9 But take care and watch yourselves closely, so as neither to forget the things that your eyes have seen nor to let them slip from your mind all the days of your life; make them known to your children and your children’s children.
Deuteronomy 4 (NRSV)
Let us hold firmly to the real story. Our story. Christ’s story.
 3:8-10a reads, “Do not harden your hearts as in the rebellion, as on the day of testing in the wilderness, where your ancestors put me to the test, though they had seen my works for forty years” (NRSV).
 What did that crafty snake say to Eve, again?
 Think about the woman caught in adultery (John 8:1-11).
 Pretty sure I’d get the ax just at the mention of, “hey let’s go wander in this desert!”
 Never mind that they don’t take submissions in Hieroglyph or Ancient Hebrew.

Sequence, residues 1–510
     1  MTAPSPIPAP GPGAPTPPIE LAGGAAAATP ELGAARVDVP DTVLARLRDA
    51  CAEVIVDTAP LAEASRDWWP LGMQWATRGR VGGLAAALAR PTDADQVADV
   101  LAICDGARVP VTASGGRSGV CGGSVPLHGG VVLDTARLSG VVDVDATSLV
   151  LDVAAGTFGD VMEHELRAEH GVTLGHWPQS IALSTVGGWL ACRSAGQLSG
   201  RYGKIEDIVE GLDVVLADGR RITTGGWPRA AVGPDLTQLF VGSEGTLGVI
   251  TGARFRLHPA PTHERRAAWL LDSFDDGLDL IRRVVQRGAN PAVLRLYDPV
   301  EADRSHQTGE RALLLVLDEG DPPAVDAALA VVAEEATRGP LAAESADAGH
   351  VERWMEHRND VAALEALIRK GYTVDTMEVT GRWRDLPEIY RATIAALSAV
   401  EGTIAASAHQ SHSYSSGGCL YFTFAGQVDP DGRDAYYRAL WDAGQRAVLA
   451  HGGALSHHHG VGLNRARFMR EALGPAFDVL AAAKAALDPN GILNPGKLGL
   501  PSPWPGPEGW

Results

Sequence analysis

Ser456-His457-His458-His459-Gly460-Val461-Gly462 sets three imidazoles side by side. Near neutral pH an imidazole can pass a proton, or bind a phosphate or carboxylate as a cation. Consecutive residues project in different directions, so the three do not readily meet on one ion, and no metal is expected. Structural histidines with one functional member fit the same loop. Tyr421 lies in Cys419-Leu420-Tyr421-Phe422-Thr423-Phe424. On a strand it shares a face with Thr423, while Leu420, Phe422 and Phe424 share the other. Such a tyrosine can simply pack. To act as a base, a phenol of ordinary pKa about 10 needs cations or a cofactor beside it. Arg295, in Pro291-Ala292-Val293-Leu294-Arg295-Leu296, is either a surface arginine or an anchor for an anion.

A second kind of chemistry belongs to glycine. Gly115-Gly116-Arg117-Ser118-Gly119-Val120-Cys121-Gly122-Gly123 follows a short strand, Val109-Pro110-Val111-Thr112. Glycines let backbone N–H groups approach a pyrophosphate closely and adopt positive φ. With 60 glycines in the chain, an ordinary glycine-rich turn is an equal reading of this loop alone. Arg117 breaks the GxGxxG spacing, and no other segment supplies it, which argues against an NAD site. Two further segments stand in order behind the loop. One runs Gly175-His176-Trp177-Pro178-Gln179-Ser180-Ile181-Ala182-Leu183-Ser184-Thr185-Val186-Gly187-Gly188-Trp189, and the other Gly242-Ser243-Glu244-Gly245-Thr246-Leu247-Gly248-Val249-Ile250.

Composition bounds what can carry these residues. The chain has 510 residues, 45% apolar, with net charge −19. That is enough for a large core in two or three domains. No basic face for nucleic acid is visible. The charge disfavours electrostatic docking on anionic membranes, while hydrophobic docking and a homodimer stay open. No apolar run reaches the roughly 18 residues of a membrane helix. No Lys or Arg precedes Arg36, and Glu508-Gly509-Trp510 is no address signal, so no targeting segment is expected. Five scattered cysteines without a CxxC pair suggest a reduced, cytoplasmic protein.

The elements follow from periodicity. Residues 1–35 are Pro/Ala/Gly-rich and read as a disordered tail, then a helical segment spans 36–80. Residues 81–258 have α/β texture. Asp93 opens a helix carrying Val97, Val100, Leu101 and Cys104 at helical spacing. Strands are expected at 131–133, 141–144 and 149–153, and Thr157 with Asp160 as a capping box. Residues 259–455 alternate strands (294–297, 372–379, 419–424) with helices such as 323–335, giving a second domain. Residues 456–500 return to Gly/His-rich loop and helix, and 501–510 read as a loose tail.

Numbers 21:5 reads, “and they began to speak against God and Moses. "Why have you brought us out of Egypt to die here in the wilderness?" they complained. "There is nothing to eat here and nothing to drink. And we hate this horrible manna” (NLT)! See also, Ex. 14:11.
 See Numbers 13.
 It was the basis of the Christological debates in the 4th and 5th centuries. Generally speaking, it’s the word used to describe the relationship between Christ’s divine and human natures—the essence of his divinity is bound, united with, the essence of his humanity. So that he at once maintains the experience of Godness and humanness without diluting or confusing either nature.
 I ran out of time for writing, but consider verse 13’s instruction that we exhort one another. It seems to me that one of the key roles of the Christian community is to help one another remember who God is, who we are, and who are neighbors are. I dare say, that’s a pretty good description what it means to preach—if you ask me.